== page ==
Elenore was pretty much the result of Howard Kaylan who wrote this song a half-hour in a hotel room in Chicago saying, “So you want clichéd simplistic pop songs, here is the most clichéd simplistic pop song ever!” The Turtles sat down and shaped that song into a record that would eventually be produced by Chip Douglas. In 1968, it became a top 10 hit from the L.A. band’s album The Turtles Present the Battle of the Bands. This album featured a pair of huge hits ‘Elenore’ and ‘You Showed Me’, but there are too many goofy comedy tracks flanking them (the album’s conceit finds the band impersonating various groups in various genres, Sgt. Pepper-style). Kaylan said that he virtually rewrote the earlier hit as a joke, in order to show the label executives what dicks they were. He threw in some nonsense like “pride and joy, etcetera” and “I really think you’re groovy” to make the song cheesier. The “You’re my pride and joy etcetera” line is ingenious and pretty much the key point in recognizing that this song is sarcastic capturing the insouciance of 1968, that devil-may-care “tune in and drop out” ethos of the hippy era. ‘Elenore’ had brilliant off-kilter lyrics and it reached #6 on the Billboard Hot 100. The one thing that did annoy Howard was that the band once had an agreement that any song written by any member of the group then the whole band would be credited and ‘Elenore’ was written solely by Howard.
Mark and Howard became increasingly unhappy with the direction their music had taken and were having endless and tedious litigation over financial issues with White Whale and so they decided in 1970 to disband. Volman and Kaylan remained friends and were both interested in exploring the edgier side of music, so they both joined Frank Zappa’s Mothers of Invention under the pseudonyms Flo and Eddie. They later did a lot of session work and provided backing vocals on Alice Cooper’s 1980 album Flush the Fashion and can also be heard on Bruce Springsteen’s 1980 hit Hungry Heart. Howard Kaylan and Mark Volman also sang backing vocals on a bunch of T. Rex songs. Drummer Johnny Barbata played with various CSNY folks and he played drums on ‘Ohio’. Judee Sill was signed to their publishing company and she recorded her song Lady-O. In the 1980s, the group re-formed hitting the oldies circuit, becoming a popular draw. The Turtles became a blast from the past touring with five other classic rock legends including Chuck Negron (formerly of Three Dog Night,) The Association, The Cowsills, The Box Tops, and Ron Dante from The Archies.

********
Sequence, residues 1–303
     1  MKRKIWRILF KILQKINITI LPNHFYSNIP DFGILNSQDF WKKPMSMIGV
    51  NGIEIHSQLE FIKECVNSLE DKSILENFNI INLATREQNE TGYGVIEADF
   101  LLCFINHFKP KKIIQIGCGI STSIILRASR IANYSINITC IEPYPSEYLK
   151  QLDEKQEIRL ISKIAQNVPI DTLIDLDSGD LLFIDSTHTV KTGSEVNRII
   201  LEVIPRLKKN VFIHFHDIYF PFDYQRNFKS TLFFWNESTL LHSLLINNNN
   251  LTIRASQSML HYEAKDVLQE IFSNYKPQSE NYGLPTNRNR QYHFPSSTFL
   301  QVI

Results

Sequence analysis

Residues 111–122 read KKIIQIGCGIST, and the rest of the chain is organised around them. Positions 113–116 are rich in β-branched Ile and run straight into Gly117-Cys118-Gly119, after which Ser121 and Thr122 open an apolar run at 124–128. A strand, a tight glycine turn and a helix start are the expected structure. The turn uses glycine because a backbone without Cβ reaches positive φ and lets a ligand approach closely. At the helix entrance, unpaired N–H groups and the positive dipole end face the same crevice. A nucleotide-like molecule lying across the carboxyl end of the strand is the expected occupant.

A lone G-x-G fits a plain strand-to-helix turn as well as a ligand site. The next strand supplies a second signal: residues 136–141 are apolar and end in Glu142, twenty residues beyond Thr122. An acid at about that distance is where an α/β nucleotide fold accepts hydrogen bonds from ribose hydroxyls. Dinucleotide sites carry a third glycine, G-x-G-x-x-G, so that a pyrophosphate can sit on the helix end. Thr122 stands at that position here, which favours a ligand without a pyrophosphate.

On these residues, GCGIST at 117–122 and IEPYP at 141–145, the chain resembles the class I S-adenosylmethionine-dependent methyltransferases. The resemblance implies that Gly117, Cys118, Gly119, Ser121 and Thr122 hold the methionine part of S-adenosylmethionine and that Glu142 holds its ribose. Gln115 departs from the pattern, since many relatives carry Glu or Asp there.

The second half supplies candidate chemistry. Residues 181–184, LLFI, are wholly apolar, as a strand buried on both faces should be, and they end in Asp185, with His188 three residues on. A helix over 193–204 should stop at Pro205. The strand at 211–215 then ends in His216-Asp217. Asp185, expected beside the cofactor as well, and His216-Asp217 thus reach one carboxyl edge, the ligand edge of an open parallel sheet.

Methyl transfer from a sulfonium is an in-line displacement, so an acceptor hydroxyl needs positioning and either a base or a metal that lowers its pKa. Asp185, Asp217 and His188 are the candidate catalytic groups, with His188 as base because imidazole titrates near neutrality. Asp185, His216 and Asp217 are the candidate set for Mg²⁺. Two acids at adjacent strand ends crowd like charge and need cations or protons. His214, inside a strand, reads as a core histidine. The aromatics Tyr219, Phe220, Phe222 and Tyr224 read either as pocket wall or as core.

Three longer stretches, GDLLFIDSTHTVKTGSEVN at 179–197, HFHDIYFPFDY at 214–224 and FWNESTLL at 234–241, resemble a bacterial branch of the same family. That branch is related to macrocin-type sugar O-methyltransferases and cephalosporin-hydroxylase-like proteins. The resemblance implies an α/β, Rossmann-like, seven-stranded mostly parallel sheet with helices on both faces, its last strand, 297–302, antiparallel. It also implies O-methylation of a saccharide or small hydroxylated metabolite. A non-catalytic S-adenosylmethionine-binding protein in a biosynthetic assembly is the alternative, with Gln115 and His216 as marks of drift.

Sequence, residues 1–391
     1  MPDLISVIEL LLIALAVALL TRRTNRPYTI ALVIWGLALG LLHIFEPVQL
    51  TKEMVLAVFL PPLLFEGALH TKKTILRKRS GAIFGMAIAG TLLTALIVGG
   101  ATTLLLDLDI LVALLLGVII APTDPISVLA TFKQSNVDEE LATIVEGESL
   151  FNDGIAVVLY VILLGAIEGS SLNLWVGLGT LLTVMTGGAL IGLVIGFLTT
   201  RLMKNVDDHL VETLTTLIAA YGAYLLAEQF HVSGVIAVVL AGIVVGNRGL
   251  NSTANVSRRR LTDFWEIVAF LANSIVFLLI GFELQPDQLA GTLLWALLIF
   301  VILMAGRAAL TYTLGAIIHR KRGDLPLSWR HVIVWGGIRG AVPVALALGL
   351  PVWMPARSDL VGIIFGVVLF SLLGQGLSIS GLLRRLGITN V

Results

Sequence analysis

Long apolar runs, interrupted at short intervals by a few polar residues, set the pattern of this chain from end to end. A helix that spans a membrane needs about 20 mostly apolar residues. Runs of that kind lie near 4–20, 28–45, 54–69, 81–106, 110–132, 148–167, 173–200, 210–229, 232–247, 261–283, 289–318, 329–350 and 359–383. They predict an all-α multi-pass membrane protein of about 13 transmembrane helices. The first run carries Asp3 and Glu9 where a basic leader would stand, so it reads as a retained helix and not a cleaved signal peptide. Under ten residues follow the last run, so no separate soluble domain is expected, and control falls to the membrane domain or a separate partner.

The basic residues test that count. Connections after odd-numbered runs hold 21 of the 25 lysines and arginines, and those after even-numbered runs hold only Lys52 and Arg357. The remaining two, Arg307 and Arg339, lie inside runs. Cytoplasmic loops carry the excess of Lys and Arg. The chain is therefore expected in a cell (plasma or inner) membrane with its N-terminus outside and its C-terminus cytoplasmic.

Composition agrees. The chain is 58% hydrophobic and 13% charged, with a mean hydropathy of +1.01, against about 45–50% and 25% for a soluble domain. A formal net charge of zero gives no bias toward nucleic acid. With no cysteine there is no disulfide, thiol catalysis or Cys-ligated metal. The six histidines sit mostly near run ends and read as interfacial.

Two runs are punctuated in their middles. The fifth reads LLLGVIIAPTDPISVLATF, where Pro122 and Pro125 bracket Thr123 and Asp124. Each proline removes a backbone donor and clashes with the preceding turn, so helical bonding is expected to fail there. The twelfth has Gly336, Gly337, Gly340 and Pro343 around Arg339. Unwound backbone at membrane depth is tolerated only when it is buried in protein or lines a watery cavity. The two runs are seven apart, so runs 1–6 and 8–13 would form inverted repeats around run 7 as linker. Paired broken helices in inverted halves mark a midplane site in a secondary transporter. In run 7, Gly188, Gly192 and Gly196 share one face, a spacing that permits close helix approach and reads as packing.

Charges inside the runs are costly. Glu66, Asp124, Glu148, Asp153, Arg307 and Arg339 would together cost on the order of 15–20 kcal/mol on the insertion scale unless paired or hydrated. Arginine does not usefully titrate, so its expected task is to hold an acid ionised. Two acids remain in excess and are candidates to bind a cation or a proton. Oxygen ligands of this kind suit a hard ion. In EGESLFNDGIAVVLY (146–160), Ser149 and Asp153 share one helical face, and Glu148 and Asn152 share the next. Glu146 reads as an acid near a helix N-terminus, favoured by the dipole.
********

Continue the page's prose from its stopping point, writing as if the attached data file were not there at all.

This song is about a girl named Elenore, who has this thing about her especially at a time in this guy’s life when he wants her near him. She is able to put life back into his heart, because there is nobody like her. This guy falls for her, asks her out on a date to go see a movie, then this guy declares his undying love. There is no heartbreak to be found in Elenore as this song ends happily ever after. I never knew that Turtles were singing “Elenore really”, as I always thought it was “Eleanor Rigby” that Beetles song, but this is just another example of a modegreen. A series of words that result from the mishearing or misinterpretation of a statement or song lyric. For example, ‘lied the pigeons to the flag’ for ‘I pledge allegiance to the flag’, or ‘for Richard Stands’ instead of ‘for which it stands’, in the Pledge of Allegiance.
You got a thing about you
I just can’t live without you
I really want you Elenore near me
Your looks intoxicate me
Even though your folks hate me
There’s no one like you Elenore really
Elenore gee I think you’re swell
And you really do me well
You’re my pride and joy et cetera
Elenore can I take the time
To ask you to speak your mind
Tell me that you love me better
I really think you’re groovy
Let’s go out to a movie
What do ya say now, Elenore can we?
They’ll turn the lights way down low
Maybe we won’t watch the show
I think I love you, Elenore, love me
Elenore, gee I think you’re swell
And you really do me well
You’re my pride and joy, et cetera
Elenore, can I take the time
To ask you to speak your mind?
Tell me that you love me better
One more time!
Elenore, gee I think you’re swell, ah-hah
Elenore, gee I think you’re swell, ah-hah-hah
Written for Daily Addictions prompt – Spoil, for FOWC with Fandango – Draw, for Sheryl’s A New Daily Post Word Prompt – Brilliant, for Ragtag Community – Blast, for Scotts Daily Prompt – Approval and for Word of the Day Challenge Prompt – Conceit.